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On the Canadian

Saving the Best for Last


View North American Train Trip 2022 on Bob Brink's travel map.

October 24, 2022

It was raining when I woke up, so instead of what I hoped would be another day of walking, I stayed in my room. I made some coffee and ate my remaining fruit for my breakfast. The rain had stopped by mid-morning, so I packed my bag and checked out. I left my suitcase to be picked up on my way to the train station.

Back when Po and I lived in Calgary, we enjoyed a special beef jerky from Vancouver’s Chinatown. We had never actually purchased it ourselves, instead we would ask a friend to pick it up for us. The first time he followed our instructions by simply going to Chinatown and asking people where the shop was that had the good beef jerky. It should be noted that he is an immigrant from Scotland. It was not like he was asking everyone in Cantonese. It was English with a Scottish brogue. But it worked. Then we moved to Toronto. We never found beef jerky that was that good, or at least satisfied Po. Of course, since I was going to be in Vancouver, she asked if I was going to find the store.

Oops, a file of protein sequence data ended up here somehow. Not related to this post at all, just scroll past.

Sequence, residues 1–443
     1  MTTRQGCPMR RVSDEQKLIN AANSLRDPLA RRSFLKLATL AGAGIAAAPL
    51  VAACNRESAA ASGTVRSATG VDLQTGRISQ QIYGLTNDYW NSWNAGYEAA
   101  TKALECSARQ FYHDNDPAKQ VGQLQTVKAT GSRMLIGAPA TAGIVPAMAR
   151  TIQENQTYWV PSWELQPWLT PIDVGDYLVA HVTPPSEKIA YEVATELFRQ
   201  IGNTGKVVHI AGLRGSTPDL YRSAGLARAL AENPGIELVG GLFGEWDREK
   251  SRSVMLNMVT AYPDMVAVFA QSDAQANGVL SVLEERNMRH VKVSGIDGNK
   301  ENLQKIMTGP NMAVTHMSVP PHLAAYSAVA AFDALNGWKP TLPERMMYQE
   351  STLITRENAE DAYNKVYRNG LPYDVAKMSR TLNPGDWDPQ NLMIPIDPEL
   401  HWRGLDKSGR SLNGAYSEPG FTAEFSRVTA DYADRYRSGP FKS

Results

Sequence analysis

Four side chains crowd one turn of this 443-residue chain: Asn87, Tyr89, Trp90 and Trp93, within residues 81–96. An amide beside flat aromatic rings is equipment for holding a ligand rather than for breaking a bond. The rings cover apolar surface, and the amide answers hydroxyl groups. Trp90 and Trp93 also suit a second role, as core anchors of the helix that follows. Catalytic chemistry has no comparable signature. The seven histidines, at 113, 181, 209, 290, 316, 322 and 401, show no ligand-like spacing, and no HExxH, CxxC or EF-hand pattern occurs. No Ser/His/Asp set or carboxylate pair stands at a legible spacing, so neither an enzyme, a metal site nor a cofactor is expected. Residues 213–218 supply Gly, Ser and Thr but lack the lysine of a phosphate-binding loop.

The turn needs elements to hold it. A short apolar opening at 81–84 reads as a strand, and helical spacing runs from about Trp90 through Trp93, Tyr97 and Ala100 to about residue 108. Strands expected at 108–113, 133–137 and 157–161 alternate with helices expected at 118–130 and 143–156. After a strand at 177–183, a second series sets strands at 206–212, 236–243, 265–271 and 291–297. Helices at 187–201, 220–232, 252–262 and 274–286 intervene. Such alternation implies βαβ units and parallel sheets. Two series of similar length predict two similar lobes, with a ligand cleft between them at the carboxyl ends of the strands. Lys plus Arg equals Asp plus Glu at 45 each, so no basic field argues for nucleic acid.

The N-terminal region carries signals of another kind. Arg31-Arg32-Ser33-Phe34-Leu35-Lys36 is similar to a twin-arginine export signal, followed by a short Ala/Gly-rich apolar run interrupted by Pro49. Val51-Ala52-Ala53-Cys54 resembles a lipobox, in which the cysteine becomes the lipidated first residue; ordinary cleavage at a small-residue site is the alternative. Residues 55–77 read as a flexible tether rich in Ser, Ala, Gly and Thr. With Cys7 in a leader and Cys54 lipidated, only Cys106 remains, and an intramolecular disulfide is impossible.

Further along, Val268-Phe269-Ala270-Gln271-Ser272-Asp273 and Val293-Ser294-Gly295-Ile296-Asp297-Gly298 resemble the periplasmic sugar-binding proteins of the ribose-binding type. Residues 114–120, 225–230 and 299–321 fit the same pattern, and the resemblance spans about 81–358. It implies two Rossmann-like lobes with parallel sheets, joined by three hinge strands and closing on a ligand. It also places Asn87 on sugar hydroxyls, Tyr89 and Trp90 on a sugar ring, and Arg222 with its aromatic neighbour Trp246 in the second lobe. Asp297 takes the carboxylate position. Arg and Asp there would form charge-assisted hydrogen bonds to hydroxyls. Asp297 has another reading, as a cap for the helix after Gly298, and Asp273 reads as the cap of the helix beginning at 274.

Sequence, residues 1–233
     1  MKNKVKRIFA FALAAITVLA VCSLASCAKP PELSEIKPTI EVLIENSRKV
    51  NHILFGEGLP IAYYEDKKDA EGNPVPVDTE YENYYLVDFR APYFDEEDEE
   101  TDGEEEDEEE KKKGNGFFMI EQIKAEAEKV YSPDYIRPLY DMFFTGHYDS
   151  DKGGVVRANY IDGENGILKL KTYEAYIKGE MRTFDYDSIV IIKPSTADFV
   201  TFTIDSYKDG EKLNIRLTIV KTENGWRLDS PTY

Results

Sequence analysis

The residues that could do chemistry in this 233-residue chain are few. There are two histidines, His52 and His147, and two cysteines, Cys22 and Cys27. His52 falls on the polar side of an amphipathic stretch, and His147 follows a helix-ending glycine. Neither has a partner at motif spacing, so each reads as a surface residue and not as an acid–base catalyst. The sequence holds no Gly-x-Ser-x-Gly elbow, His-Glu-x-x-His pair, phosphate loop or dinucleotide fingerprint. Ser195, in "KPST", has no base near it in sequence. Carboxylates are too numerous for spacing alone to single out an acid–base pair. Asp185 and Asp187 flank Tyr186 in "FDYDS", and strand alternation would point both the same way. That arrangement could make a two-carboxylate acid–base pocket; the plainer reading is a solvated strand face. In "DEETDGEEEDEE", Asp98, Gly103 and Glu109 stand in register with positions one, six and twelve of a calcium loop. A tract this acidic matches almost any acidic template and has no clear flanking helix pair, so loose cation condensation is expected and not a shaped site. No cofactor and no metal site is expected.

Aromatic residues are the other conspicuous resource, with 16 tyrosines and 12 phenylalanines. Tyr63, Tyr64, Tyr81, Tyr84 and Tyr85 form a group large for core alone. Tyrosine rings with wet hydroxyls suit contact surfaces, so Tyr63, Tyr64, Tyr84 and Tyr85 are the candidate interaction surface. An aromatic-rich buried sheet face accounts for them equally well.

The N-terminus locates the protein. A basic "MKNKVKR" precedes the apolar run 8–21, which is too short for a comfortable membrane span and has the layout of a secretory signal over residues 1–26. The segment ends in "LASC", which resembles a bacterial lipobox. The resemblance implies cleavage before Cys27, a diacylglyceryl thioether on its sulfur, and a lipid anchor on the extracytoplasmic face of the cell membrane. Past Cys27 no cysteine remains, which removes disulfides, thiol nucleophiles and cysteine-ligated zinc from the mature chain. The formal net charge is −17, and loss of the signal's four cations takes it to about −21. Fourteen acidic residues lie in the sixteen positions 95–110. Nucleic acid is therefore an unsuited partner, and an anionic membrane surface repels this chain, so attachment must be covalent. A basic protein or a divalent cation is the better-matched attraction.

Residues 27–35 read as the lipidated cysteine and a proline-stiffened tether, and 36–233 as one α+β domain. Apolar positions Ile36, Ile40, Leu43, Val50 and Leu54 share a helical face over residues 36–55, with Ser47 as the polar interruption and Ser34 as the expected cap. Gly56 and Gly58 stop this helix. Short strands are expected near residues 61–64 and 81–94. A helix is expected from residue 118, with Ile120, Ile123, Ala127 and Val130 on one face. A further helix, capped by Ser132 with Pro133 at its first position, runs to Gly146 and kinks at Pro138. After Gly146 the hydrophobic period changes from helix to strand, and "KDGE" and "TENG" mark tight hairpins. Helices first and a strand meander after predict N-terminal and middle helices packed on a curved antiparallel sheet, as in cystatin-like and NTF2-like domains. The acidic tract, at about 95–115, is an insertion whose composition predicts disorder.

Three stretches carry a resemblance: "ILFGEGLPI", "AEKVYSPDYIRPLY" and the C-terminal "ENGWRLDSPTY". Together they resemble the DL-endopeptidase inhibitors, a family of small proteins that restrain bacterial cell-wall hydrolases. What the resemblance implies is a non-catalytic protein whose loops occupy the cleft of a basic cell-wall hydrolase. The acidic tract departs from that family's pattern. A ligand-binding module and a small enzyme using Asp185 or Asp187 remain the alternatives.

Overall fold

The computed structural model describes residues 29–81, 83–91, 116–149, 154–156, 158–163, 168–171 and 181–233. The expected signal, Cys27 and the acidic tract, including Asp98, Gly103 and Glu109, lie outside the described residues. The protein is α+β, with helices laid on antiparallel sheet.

But it had been over 20 years since our friend had gone there. Rather than relying on a physical hunt alone, I decided to see what I could find with a Google search. It came up with a few options, but most were way out in the Vancouver suburbs, far beyond walking distance. But I did find one promising looking possibility in Chinatown. I headed that way.

This was a different Vancouver than the tall buildings I had passed the day before.
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I came to the place that I thought had the jerky. It was closed on Mondays. Also, it looked like they did not sell jerky but specialized in Chinese BBQ. That was too bad, but there was a Chinese bakery and restaurant next door, and it was open. Back in my post about my full day in San Francisco I mentioned porridge and donuts. I could see the donuts in the display case. I was offered a seat and a menu. I took the seat but declined the menu. I just asked for porridge. What kind of porridge did I want? I wanted seafood. Oh, and maybe an order of dumplings.

It was great.
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I asked the waitress about the beef jerky. She did not know what I was talking about. I ordered a custard tart at the counter on my way out the door. They are another thing that I miss and wish I could buy in Newfoundland.
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It was time to go to the hotel to get my suitcase and head to the train station.
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With the construction the station was not very photogenic.